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Anatomy & Physiology Exam 1 Study Guide

by: Courtney Luber

Anatomy & Physiology Exam 1 Study Guide 80197 - BIOL 2220 - 001

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Courtney Luber

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This study guide covers the notes taken in lecture up until 09/01. These do not include what will be discussed on Tuesday, 09/06.
Human Anatomy and Physiology I
John R Cummings
Study Guide
anatomy, Physiology
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This 21 page Study Guide was uploaded by Courtney Luber on Friday September 2, 2016. The Study Guide belongs to 80197 - BIOL 2220 - 001 at Clemson University taught by John R Cummings in Fall 2016. Since its upload, it has received 59 views. For similar materials see Human Anatomy and Physiology I in Biology at Clemson University.


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Date Created: 09/02/16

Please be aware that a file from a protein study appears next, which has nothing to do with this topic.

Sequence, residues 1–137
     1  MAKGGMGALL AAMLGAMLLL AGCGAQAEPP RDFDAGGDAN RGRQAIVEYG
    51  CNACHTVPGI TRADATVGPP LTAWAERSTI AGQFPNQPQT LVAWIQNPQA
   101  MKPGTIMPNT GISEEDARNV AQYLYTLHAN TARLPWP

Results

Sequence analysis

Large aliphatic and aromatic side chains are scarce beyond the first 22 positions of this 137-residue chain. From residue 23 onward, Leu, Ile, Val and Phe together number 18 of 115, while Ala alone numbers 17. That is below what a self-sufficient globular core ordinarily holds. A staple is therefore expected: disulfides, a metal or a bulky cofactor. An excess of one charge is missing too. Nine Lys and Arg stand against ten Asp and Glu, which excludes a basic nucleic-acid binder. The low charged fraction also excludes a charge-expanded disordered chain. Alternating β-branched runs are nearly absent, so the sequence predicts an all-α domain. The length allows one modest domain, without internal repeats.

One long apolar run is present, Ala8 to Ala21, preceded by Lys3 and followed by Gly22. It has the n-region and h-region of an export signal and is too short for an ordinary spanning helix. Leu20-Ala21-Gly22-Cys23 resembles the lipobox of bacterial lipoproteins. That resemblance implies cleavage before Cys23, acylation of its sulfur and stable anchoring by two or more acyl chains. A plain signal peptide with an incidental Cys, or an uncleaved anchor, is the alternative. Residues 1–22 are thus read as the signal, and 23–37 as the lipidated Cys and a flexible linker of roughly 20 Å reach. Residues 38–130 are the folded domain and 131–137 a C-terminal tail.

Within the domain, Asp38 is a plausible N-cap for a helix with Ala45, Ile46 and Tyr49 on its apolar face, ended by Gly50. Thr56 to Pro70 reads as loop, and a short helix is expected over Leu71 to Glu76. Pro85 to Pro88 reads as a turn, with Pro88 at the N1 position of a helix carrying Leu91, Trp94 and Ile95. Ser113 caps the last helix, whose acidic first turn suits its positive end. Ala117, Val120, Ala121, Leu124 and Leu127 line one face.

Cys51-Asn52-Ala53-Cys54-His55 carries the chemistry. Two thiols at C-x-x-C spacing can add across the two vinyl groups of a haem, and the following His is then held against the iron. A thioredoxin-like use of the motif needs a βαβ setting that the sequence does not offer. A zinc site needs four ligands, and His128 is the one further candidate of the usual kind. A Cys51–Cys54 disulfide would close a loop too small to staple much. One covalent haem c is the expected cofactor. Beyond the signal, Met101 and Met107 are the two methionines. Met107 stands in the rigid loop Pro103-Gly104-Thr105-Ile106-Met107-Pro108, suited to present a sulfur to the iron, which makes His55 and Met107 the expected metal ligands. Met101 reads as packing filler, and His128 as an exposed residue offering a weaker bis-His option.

Anatomy & Physiology Study Guide Exam 1  Anatomy o Greek  Anatome – dissect  Only way to figure out what was inside the body was to cut open the outside of the body o Definition - the study of structure and the relationship among structures  Looking at what the parts are, not what they do o Subdivisions – approaches to studying anatomy  Gross anatomy – macroscopic; big things  Bone, muscles, big organs (heart, lungs, brain)  Regional anatomy – looking at a specific region of the body  Thoracic, abdominal, leg, etc  Used by advanced med school students with specialties  Systemic anatomy – looking at specific organ systems  Cardiovascular, muscular, skeletal, nervous, endocrine, reproductive, digestive, etc  Surface anatomy – study of form and markings on the surface of the body  Has led to forensic reconstruction  Includes parts that are visible with the naked eye  Microscopic anatomy – things we can’t see without a microscope  Parts that are smaller than ½ mm  Cytology – the study of cells  Histology – the study of tissues  Developmental anatomy – the study of changes in anatomy from the fertilized egg until death  Embryology – deals with the time of fertilization until birth  Pathological anatomy – study of change to structure due to disease  Radiographic anatomy – the study of structure using socialized imaging technology  Medical imaging o X-ray – passing short light waves through the body; gamma radiation  Things that absorb the most light energy show up the brightest (bones)  Can see broken bones, tumors, abnormal calcification o CT scan – computerized tomography; using light energy in sections; basically an x-ray in different sections; can break apart an x-ray  Use for brain scans  looking for tumor, additional nasal tissue, etc o Xenon CT – xenon is a gas that is radioactively labeled; gives off gamma radiation; colorized CT  Patient inhales xenon gas  lungs  bloodstream  delivered to most active tissue  Can diagnose what’s happening in the brain without cutting open  Computer interprets the xenon o DSR scan – dynamic spacial reconstruction; light energy is being used to take pictures all the way around the body so we get a 3D image that we can rotate o DSA – digital subtraction angiography (angiography = related to blood vessels)  Before picture  inject contrast medium (dye)  take second picture  Use computer to subtract everything from first picture from second picture  Can diagnose blood vessel blockages, concussions, thrombosis, etc o PET scan – positron emission tomography; injecting a radioisotope into body  Radioisotope travels and cells that are most active will pick it up  Look at metabolic processes  Can look at Parkinson’s disease (basal nuclei, which fine tune muscle contractions, don’t work, so patient gets tremors) o All of the above use light energy o Ultrasound – uses sound waves; high frequency sound travels through the body and is picked up by the receiver  Used to look at embryological development  Can do a 3D ultrasound, or 4D ultrasound o MRI – magnetic residence imagery; uses magnetic waves  Magnetic energy passes through the body and it becomes polarized  Uses hydrogen ions  most prevalent in soft tissue  No bone tissue shows up  Great at showing soft tissue  see if an ACL is torn, etc  Sometimes computer can go back in and put the bone tissue back in o MRS – magnetic residence spectrography; use a pulse of magnetic field but it goes after ions other than water  Kidneys – full of sodium  Muscle – full of calcium o M2A – pill that has a camera in it; digital camera with light source; takes pictures as it moves through the digestive tract; pictures get stored on a small SD card  Battery light in camera is less than 18 hours  Light burns out around the small intestine  Physiology o Greek  Physis - function  Logos – study of o Definition – the study of functions of body parts  Includes chemical and physical processes o The Big Integration  Structure can dictate function  Function can regulate structure o Levels of organization  Chemical  All of the chemicals that are essential to life and what roles they play in our body  i.e. How does bicarbonate function in our body?  Cellular  The cell is the structural and functional unit of life  Cells are comprised of a bunch of different chemicals  Tissues  Two or more cells working collectively toward a specific task  Neurons function together to make the nervous system work  Organ  Two or more tissues working collectively toward a specific task  Organ system  Two or more organs working together toward a specific system o i.e. muscular system, nervous system, digestive system, etc  Organismic level  An organism’s entire body  Life processes o Living things possess certain attributes o Limiting boundaries – barrier for humans is skin  The inside of our bodies have a different environment than the outside o Excitability – the ability to sense change within or around our bodies  We respond to stimuli  i.e. when the light goes down, the pupils in our eyes will dilate o conductivity – connecting one part to the other o metabolism- the sum total of all of the chemical reactions that occur in our body  catabolism – breakdown pathways (i.e. we eat a meal and break it down chemically)  anabolism - we build things up (i.e. we take amino acids in our body and build them up to make muscle) o digestion – intake and breakdown of food o excretion – the elimination of waste  fecal, urine, sweat, exhale o movement – the contraction of muscle  locomotion – movement of skeletal movement  pump blood- cardiac muscles o growth – an increase in size; increase in number of cells; increase in size of cells  born with all of the muscle cells we will ever have – muscle cells just grow as we age  born with all of the adipose cells we will ever have as well o reproduction – cells reproduce themselves – mitosis; the production of new individuals – procreation  Survival needs (need to have in the correct amount) o nutrients – all of the chemical substances that are used for energy or cell production  get our nutrients from the food we eat o oxygen – electron acceptor for cellular respiration o water – body is made of between 60-80%  get water from the things we drink and the food we eat  we are also constantly losing water  sweating, urination  constant water balance o normal body temperature – 37 degrees C is the human body temp; 96.8 degrees F  below 95 degrees metabolic system slows down  above 99 degrees and proteins start to denature o atmospheric pressure – without this we couldn’t breathe; changes with elevation  homeostasis o homios – like o stasis – the same o “standing still” in Greek o Definition – condition of stable internal body environment  Never constant, rather a dynamic equilibrium o We need all of our survival needs to be at optimal level o Requirements for homestasis  When survival needs are at optimum  Stress o Old French  Estresse – narrowness o Definition – any stimulus causing an imbalance in the internal environment  All stimuli cause a response, not all disturb homeostasis  Can be internal and external stresses  Stress regulation o Nervous system - we detect stress messages and send electrical messages to counteract  Integrator-brain or spinal cord, affector o Endocrine system - chemical messages (hormones)  Feedback systems o Anglo saxon – british empire  Fedan – food  Baec – back o Greek  Systema o Definition – any circular situation where info about the status of something is continually report back to a central control region  Feedback is a circular system  Info about anything – irritation in bladder, skin detecting that it is warm, etc  Central control region is usually the CNS (brain/spinal cord) o general terms  1. Stimulus produces change in variable  2. Change detected by receptor  3. Input: info sent along different pathway to control center  4. Output: info sent along efferent pathway to effector  5. Response of effector feeds back to influence magnitude of stimulus and returns variable to homeostasis o Negative feedback – response of the feedback cycle is to reverse the initial condition  i.e. thermostat – equilibrium is 75 degrees, if it gets hotter than that, the AC comes on and reverses the condition  i.e. blood glucose is too low, so our body reverses the condition o positive feedback – the response is to intensify the condition & we continue to intensify the condition until the stimulus is gone  i.e. child birth, consumption of alcohol affects the brain which says send more alcohol  throw up Chemistry  Matter o Latin – materia (timber, substance) o Definition – anything that occupies space and has mass o Is composed of chemical elements  Elements o Substances that cannot be decomposed into smaller substances by ordinary chemical reactions  Chemical elements o 118 chemical elements recognized  92 occur naturally  Other 16 are manmade in particle accelerators  Not very stable o Human body contains 24  O, C, H & N = 96%  These plus Ca & P = 99%  Others called trace elements – the other elements that occur but not in very high quantities  Can’t have any nervous contraction without sodium or potassium  States of matter o Solid – form of matter that has a definitive shape  i.e. crystal, teeth, bones  all atoms that make up matter are constantly moving, but solids have atoms that move most slowly o liquid – assume the shape of the container that holds them  can go from a solid to liquid by changing the speed of the atoms  atoms moving faster  i.e. plasma takes the shape of the blood vessels that contain them; urine takes the shape of the bladder which contains it o *solids and liquids have a definite volume* o Gas – no definitive shape or volume  Expands to the volume of the container  Highest speed of molecular motion  i.e. air in lungs take the shape of lungs; when we breathe, lungs expand and gas inside expands as well  Energy o Greek  en – within  ergon – work o definition – the ability to do work; the ability to put matter into motion  energy allows molecules to move o forms of energy  potential – stored energy  i.e. a rollercoaster car sitting on top of a hill  kinetic – the energy of motion  i.e. a rollercoaster going down a hill  chemical – the energy that is present in chemical bonds (the bonds between elements)  if we break a bond between elements, we release energy; when we create a bond, we take energy  electrical – the energy that results from the flow of charged particles  charged particles in body; as particles move around, it creates electrical energy  sodium and potassium are most important charged particles  mechanical – the energy of motion; the energy required for movement  i.e. wind turbine – wind causes turbines to spin; mechanical energy converted to electrical energy  electromagnetic – energy that travels in waves  light and sound waves  “radiant” energy – heat/temperature travels in waves also; light and sound plus heat  Energy conversions o Thermodynamics  First law states that energy cannot be created or destroyed  energy is transformed from one type to another  Second law – none of the transfers is 100% efficient; energy gets lost to the environment primarily as heat  Changing the motion of molecules  changes the form of energy  changes the state of matter  Atom o Greek  Atomos – indivisible o Definition – the smallest unit of matter that can enter into a chemical reaction o All elements are composed of atoms o Atoms allow elements to be reactive o Composition  Nucleus – center of the atom; where most of the mass of the atom exists  Protons – positively charged particles o Number of protons in the nucleus is equal to the number of electrons floating around  Neutrons – neutrally charged particles  *charge is not equal to mass*  Electrons – negatively charged particles o Atomic number  The number of protons that exists of the nucleus  Protons = electrons  So, we know the number of electrons as well o Atomic mass  Sum of the number of protons plus the number of neutrons o Isotope – atoms that have the same number of protons and electrons, but different numbers of neutrons  Unstable and usually radioactive o Periodic table  Developed by Russian chemist  He put atoms or elements that have similar properties close to each other  Noble gases – nonreactive  Each element has an atomic symbol which is an abbreviation for what it is  Energy levels o Regions in which the electrons move around the nucleus o Identified as orbitals or shells  Chemical definition - the region around the nucleus where the electron could be found most of the time o Each has a maximum number of electrons it can hold o First shell can hold two, others can hold eight  Valence electrons o The number of extra or deficient electrons in the outermost energy level o Reactivity, the ability to engage in chemical reactions, is determined by valence electrons o Deficiency or excessiveness determines how the element is going to work  Chemical reactions o Combining or breaking apart of atoms forming new products with different properties from the originals o Exchange of outer electrons to produce new products that have different properties than the originals o Atoms always try to fill their outermost energy level  Accomplished by giving up, accepting, or sharing electrons  Molecule o Combination of two or more atoms from a chemical reaction  Compound o Substance that can be broken down into two or more others by a chemical means  Always contain two or more different elements  Chemical bonding o Attractive forces that hold together the atoms of a molecule o Types of bonds  Ionic – opposites attract; positive and negative charge are attracted  Ion – charged substance; extra or deficient electron; positively or negatively charged particles which result when an atom gains or loses electrons o Positive charge – electron deficiency  Cation – electron donor; number of protons exceeds number or electrons o Negative charge – extra electron  Anion – electron acceptor; number of protons is less than number of electrons  Results in polar compounds  Covalent – atoms share the electrons  Single covalent bond – share one bond of electrons  Double covalent bond – share two pairs of electrons; stronger  Triple covalent bond – share three pairs of electrons; strongest  Result in nonpolar molecules  Polarity determines whether or not the particle can get through the wall of a cell  Can have partially polar covalent bonds o Electronegativity  Hydrogen – attractive force between atoms; not really a bond; very weak bond that exists due to partial negativity  Between a hydrogen bond and something else  Usually nitrogen and oxygen  “bond to one but attracted to another”  Chemical reactions o Making or breaking of bonds o Number of atoms remains the same but are rearranged o Can change chemical structure o Reactants combine to make products which have different properties than the originals o Types  Synthesis reactions – two or more atoms or elements combined to make something bigger; anabolic reactions  Decomposition – big things are broken down into smaller ones; bonds in a large molecule are broke into yield smaller ones; catabolic  Number of atoms isn’t changed; everything is balanced  Exchange – synthesis and decomposition reactions happen at the same time  Oxidation-reduction – “redox”; the transfer of electrons  When something gives up an electron, it is oxidized  When something accepts an electron, it is reduced  Electron transport chain depends on oxidation and reduction  Reversible – end product of the reaction can become the reactants for a breakdown; can revert back to the original  Amount of stability determines which direction the reaction will go  Exergonic – the products have less energy than the reactants; catabolic; oxidative; energy is liberated to do something else  Endergonic – energy absorbing reactions; products are at a higher energy level than the reactants  Collision theory o Explains how and why chemical reactions occur o All particles are in constant motion and continually collide with one another o If collision provides activation energy, bonds are broken or formed  Atoms will ultimately bump into each other  Activation energy o Collision energy needed for a chemical reaction o Amount of energy needed to rearrange the electrons of a molecule  Factors affecting chemical reactions o Velocity of colliding particles  Temperature – heat makes molecules move faster  The faster things are moving, the higher velocity o Energy of colliding particles  Temperature  Size – smaller particles move faster than bigger ones; more collisions; big particle will have more energy when it hits o Concentration of colliding particles o Catalysts  Something that speeds up a chemical reaction but doesn’t get used up in the chemical reaction  Enzymes in the human body Biochemistry  Definition – chemical composition and reactions of living matter  Biocompounds o Inorganic – no carbon  Water, salts, acids, bases  They dissociate; do not form electrolytes o Organic – do contain carbon  Potential to form covalent bonds  Do not dissociate; give us electrolytes  Important inorganic compounds o Water  60-80% of human body is water; most abundant  Properties:  High heat capacity – resistant to changes in temperature (we have a homeostatic body temp)  High heat of vaporization – water requires a lot of heat to turn it from a liquid to a gas o Has cooling powers when vaporizes  Universal solvent – a lot of things can dissolve in water o Ionic molecules & polar compounds can dissolve in water o Ability to transport these ions o For anything to biologically active, it has to be in a solution o *solution – a solute dissolved in a solvent  Hydrolysis/condensation – all reactions in the body are catabolic or anabolic; anything is either a decomposition or synthesis reaction o Involves water most of the time o Dehyrdation – take water away o Hydrolysis – add water  Cushion – water is a cushion between the bones and joints; cerebral spinal fluid that protects us from head trauma o Salts  Substances that dissociate to form cations and anions (electrolytes); salts create electrolytes when they dissociate  Movement of charged particles gives us electrical energy  Kidneys regulating and maintaining salt balance o Acids  Substances that dissociate and increase hydrogen ion concentration  Hydrogen ion will have a positive charge (more protons)  Acids are proton donors  Can also create electrical currents through dissociation  Increase hydrogen ion concentration of a solution o Bases  Reduces hydrogen ion concentration  proton accepter  pH – measurement of the acidity or alkalinity of a solution o expressed on a scale from 0-14 o 0-6 acidic o 7 neutral o 8-14 basic o Measurement of hydrogen ion concentrations in a solution in moles/liters o Is homeostatic – maintained by neutralization and buffering o Different organs have different optimal pH’s but have to be within homeostatic pH o Neutralization – the addition of an acid and a base  When we combine, we get water and salt (neutral solution) o Buffering – a process in which the addition of small amounts of acid or base do not result in pH change  Resists pH changes by accepting or liberating hydrogen ions  We constantly flood our bodies with acidic or basic food (i.e. coca-cola)  Organic compounds o Carbohydrates  Sugars and starches  Cell is made up of between 1-2% carbohydrates  Main function is to be a source of energy  Major player in energy production is glucose  most easily enters glycolysis  We can get energy from any form of biocompounds, but the most common source is glucose  Monosaccharides –  the smallest forms of sugar; individual units; simple sugars; taste sweet; can be absorbed immediately along the wall of the digestive tract; can be immediately used to provide energy when in bloodstream  Named based on the number of carbons they contain  5 carbons pent-  6 carbons hex-  Always have a ratio of carbon to hydrogen to oxygen (1-2-1)  Disaccharides  2 sugars o Glucose + glucose = maltose o Galactose + glucose = lactose o Glucose + fructose = sucrose  Have to be digested before absorbed  Polysaccharides  Many sugars  Long chains  Also have to be broken down to release monosaccharides  Don’t taste sweet  Not water soluble  Stored differently in plants and animals o Animals store them as glycogen o Plants store them as starch  Humans then build own monosaccharides o Lipids  Can exist as liquids or solids at room temp  Solid – fat  Liquid – oil  Not water soluble, though they can be dissolved by other solvents such as other lipids  Neutral fats  “triglyceride”  Consists of glycerol + 3 fatty acids  Nonpolar  Function primarily as energy storage molecules  Function in insulation  Kidneys are packed in fat because they are close to the skin  They also protect organs  Classes o Saturated – any triglyceride in which the fatty acids do not contain any double bonds between the carbons  Predominantly animal fats – meat  Solid at room temperature  Consumption increases cholesterol levels in our body o Unsaturated – contains a single double bond in one of the fatty acids  Oils at room temp  Predominantly plant based  Do not cause any increase in cholesterol; no effect o Polyunsaturated – 2 or more double bonds  Plant based  Oil at room temp  Reduce cholesterol o Trans fats -  Oil that has been solidified in a lab by flooding it with hydrogen ions  Take unsaturated fat and make them saturated  Chips have more flavor when saturated fats are used  Grossly increase cholesterol and heart disease o Omega 3 fatty acids  Omega – far edge of the fatty acid chain  Has a double bond at the third carbon from the tail  Shown to reduce cholesterol  Predominantly fish oils o Omega 6 fatty acids  “ “  But double bond on sixth carbon  Phospholipids  Triglyceride but one of the fatty acids has been switched with a phosphate  Polar head and nonpolar tail  Double layer of phospholipids (plasma membrane; phospholipid bilayer)  Amphipathic molecule – molecule with polar and nonpolar parts  Steroids  Made from 4 interlocking hydrocarbon rings  i.e. testosterone, progesterone  steroids are part of endocrine system regulation  fat based & fat soluble steroid hormones)  Eicosanoids  local signaling molecules  produced in one part of the body and affect that place  modified triglyceride o Proteins  10-30% of the mass of the cell  Made up of amino acids  Linked together, they’re called polypeptides  Peptide bonds link proteins together  Nitrogen contained in protein  Proteins in human body made of 20 amino acids  Some are only available from animals  Roles: structural, functional  Primary structure – linear sequence of all of the amino acids that make up the protein given its primary structure  All of these primary structures will twist, forming a secondary structure  Beta pleated sheet – fold  Alpha helix – twist  i.e. straight hair (beta pleated sheet) and curly hair (alpha helix)  tertiary structure – 3D structure; contains active sites  quaternary structure  if we have more than one peptide chain linking together, we get a complex protein  i.e. hemoglobin (4 peptide chain)  types of proteins:  structural/fibrous – give form to body parts o i.e. collagen  regulatory – regulate processes generally as a hormone  contractile – proteins in muscle that can contract o i.e. myosin, actin  immunological – help prevent infection or disease  transport – carrier molecules o i.e. hemoglobin carries oxygen  catalytic – enzymes  enzymes  protein that functions as a biological catalyst  binds to certain and only certain substrates o has specific substrates  catalyst speeds up a reaction without being used in a reaction  denaturation  loss of a protein’s 3D shape due to high temperature or changes in pH o each enzyme has an optimal temp and pH o structural proteins tend not to denature but functional proteins do o nucleic acids  largest molecules in the body  comprise of nucleotides  bound using phosphate bonds  DNA  Found in the nucleus of a cell  Contains codon segments called genes  Sugar – deoxyribose  Double stranded molecule  A, G, C , & D  RNA  DNA stays in nucleus and RNA is the messenger that takes the info to the body  Single stranded molecule  Different nucleotide formation o Adenosine triphosphate  “ATP”  Adenine which is bound to a phosphate in which 2 additional phosphates are attached  Currency of energy in our body Cell Structure  Cell o Latin – cella – chamber/storehouse o Definition – the basic living, structural and functional units of all organisms o If not made of cells, not living o 200 different types of cells in human body o 1 x 10 cells in the human body o Smallest cell is 2 microns (1 millionth of a meter) o Largest cell is more than a meter in size (neuron)  Cell Theory o Cell is structural and functional unity of life o Activity of organism is combined results of individual and aggregated cells o Activity of cells depends on subcellular composition  Structure and function  Principle of complementarity – the action of the cell is determined by the things the cell possesses o Cells are responsible for the continuity of life  Parts of a cell o Plasma membrane – separates inside from outside; limiting boundary  inside can have a different composition o Organelles – no cell possesses all organelles  Each carries out a specific function o Cytoplasm – fluid on inside of cell; intracellular fluid  Organelles suspended in this fluid  In order to be biologically active, all chemicals have to be in solution – cytoplasm keeps cells functional  Composition of Plasma Membrane o Phospholipid bilayer  Glycerol attached to phosphate and two fatty acids; polar heads (hydrophilic) and nonpolar tails (hydrophobic)  Half of the mass of the mass of the plasma membrane is the phospholipids, while the other half is from proteins o Integral proteins  Protein that goes through both parts of the bilayer  Mostly transport proteins – allow polar things to move into and out of the cell o Peripheral proteins  Protein that is only on one side of the bilayer; usually on inside  Mechanically natured – usually act as enzymes o Some proteins have a carbohydrate extension – glycoprotein  Carb part is basically a receptor o Carbohydrate chain can also attach to lipid – glycolipid  Still a receptor o Width of plasma membrane is 7-10 nm in size (7-10 billionths of a meter)  Very thin and fragile; proteins help hold it together  Functions of Plasma Membrane o Separate cells from the external environment o Insides can have a different chemical environment than outside o Facilitate contact with other cells or foreign substances o Provide receptor sites o Controls flow into and out of cell  Selectively permeable – allows some things to pass and prevents other things from passing o Determines what the internal environment is going to be like because of selectively permeable membrane  Determining Factors o Molecular size of the molecule  if too big, it generally can’t get in o Solubility  fat soluble substances can pass directly across the lipid part of the plasma membrane; water soluble things can’t o Ionic charge  something that has the same charge gets pushed away from the cell, while things with opposite charges get pulled near o Carrier molecules  Integral proteins that allow thing to pass  Membrane Transport Processes o Passive  No assistance from the cell; no energy needed  Follow a concentration gradient (high concentration  low concentration)  Small things move faster than big things o Active  Cell has to assist movement; provides ATP as energy for the process  Moves against the concentration gradient (low  high)  Passive Processes o Simple diffusion – the passive movement of a substance (liquid, solid, gas) from an area of high concentration to an area of low concentration until we reach equilibrium; then continued movement, but no net change  Nonpolar substances and lipids  Affected by molecular size, temperature o Facilitated diffusion – involves either a carrier or channel protein  No energy required, but protein is  Glucose, ions  Carrier proteins are specific to certain things; channel proteins are not – just has to fit o Osmosis – movement of water across a selectively permeable membrane  Is regulated by solute concentration and osmotic pressure  Tonicity  Isotonic o If the concentrations are equal o Net movement of water is 0  Hypertonic o The more concentrated solution  Hypotonic o The less concentrated solution o Water always moves from hypo- to hyper- o Tries to make the two solutions equal  Osmolarity o The tonicity (concentration; # of particles) * the number of particles we get when the substance dissociates o 1 molar saline solution is a 2 osmol solution o It’s the number of particles, not type of particle, that determines the movement of water o Filtration – movement across the membrane that is caused by pressure or gravity  Follows pressure gradient  Blood is filtered; higher blood pressure  filtered more  Active processes o Active transport – requires a carrier protein (specific to certain molecules)  Energy is required to change the shape of the protein  40% of energy produced by a cell is used by active transport  Low  high concentration o Exocytosis – cell has to create a vesicle  Vesicular transport – transport requiring a vesicle  Our cells produce something, a vesicle surrounds it, vesicle is phospholipid bilayer, and now since the bilayer is made of lipids, it meshes with the cells and is able to move out o Endocytosis – same process but used to move something inside the cell  Phagocytosis – engulfing of large solid molecules  i.e. macrophage consuming blood clots  Pinocytosis – engulfing liquid that contains some solid molecule(s)  “cell drinking”  Receptor-mediated endocytosis – when cell brings in something specific via receptors  i.e. want to bring in insulin, iron, or enzyme  there is a specific receptor for it  clathrin – protein coating on cytoplasmic face of vesicle o “clathrin-coated vesicles”  This is how flu gets into our cells  it binds to clathrin  Plasma Membranes Specializations o Microvilli – tiny projections on the free surface of the cell; increase surface area of cell  i.e. surface of intestines or kidneys o Tight junctions – when integral proteins bind to one another, it creates this  “impermeable junctions”  nothing can pass across these junctions o Desmosomes – when filaments on cell intertwine and hold each other together  “anchoring junctions”  See these in sheets of tissue where the cells are being exposed to tension such as friction  i.e. in heart, skin o Gap junctions - facilitate exchange between adjacent cells  “communicating junctions”  Can move from one cell directly into another cell; allow faster exchanges  Connexon – where the gap junction occurs  Allows cells to work as a group instead of as individuals  Membrane potentials o Differences in electrical charges across a membrane o Results from distribution of ions on both sides of membrane’  Predominantly potassium, sodium, and chloride o Can result in a voltage difference  Resting membrane potential o Sodium potassium pump- pumps potassium ions inside and sodium ions outside  More potassium inside than outside; more sodium outside than inside  More positive outside the cell than inside the cell – cell is negative; charge is negative o Cell is polarized, with inside negative compared to outside  Unequal movement of ions creates a polarity on each side of the cell which is regulated by plasma membrane  Parts of a Cell o Plasma membrane o Organelle  Organelle o Latin – organelle – tool; instrument o Specialized portion of cell that has a particular shape and does a particular task o Types:  Nucleus – largest intracellular structure; most cells only have 1; some don’t have any; some have more than 1 ; brain of the cell  Components: o Genetic material – material that controls structure and activity of cell o Nuclear envelope – phospholipid bilayer o Pores – holes in the membrane; things pass into and out of the nucleus o Nucleoplasm – solution inside of the nucleus o Nucleoli – spherical body inside nucleus; some have more than 1; assemble ribosomes which will then pass out of the pores into the cytoplasm (ribosomes - where proteins are made); does not have a membrane  Mitochondria – powerhouse of the cell; ATP producer; phospholipid bilayer  Can self-replicate  Possess their own DNA – mitochondrial DNA comes from only mom  Mitochondrial DNA can be used for relatability studies